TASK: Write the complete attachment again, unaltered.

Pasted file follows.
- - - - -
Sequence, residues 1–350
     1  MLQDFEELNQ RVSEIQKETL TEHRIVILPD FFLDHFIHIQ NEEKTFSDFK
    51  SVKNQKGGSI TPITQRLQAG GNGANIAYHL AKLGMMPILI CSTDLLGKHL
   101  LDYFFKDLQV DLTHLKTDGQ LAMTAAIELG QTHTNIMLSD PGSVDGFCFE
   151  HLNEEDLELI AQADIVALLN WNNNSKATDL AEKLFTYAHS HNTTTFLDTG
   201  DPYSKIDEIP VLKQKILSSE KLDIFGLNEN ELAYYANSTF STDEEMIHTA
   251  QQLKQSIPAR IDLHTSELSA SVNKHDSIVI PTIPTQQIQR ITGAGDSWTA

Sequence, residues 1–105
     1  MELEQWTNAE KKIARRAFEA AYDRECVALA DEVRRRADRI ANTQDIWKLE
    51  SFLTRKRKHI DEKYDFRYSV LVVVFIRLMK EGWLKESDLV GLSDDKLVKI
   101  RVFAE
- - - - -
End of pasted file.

Sequence, residues 1–350
     1  MLQDFEELNQ RVSEIQKETL TEHRIVILPD FFLDHFIHIQ NEEKTFSDFK
    51  SVKNQKGGSI TPITQRLQAG GNGANIAYHL AKLGMMPILI CSTDLLGKHL
   101  LDYFFKDLQV DLTHLKTDGQ LAMTAAIELG QTHTNIMLSD PGSVDGFCFE
   151  HLNEEDLELI AQADIVALLN WNNNSKATDL AEKLFTYAHS HNTTTFLDTG
   201  DPYSKIDEIP VLKQKILSSE KLDIFGLNEN ELAYYANSTF STDEEMIHTA
   251  QQLKQSIPAR IDLHTSELSA SVNKHDSIVI PTIPTQQIQR ITGAGDSWTA

Sequence, residues 1–105
     1  MELEQWTNAE KKIARRAFEA AYDRECVALA DEVRRRADRI ANTQDIWKLE
    51  SFLTRKRKHI DEKYDFRYSV LVVVFIRLMK EGWLKESDLV GLSDDKLVKI
   101  RVFAE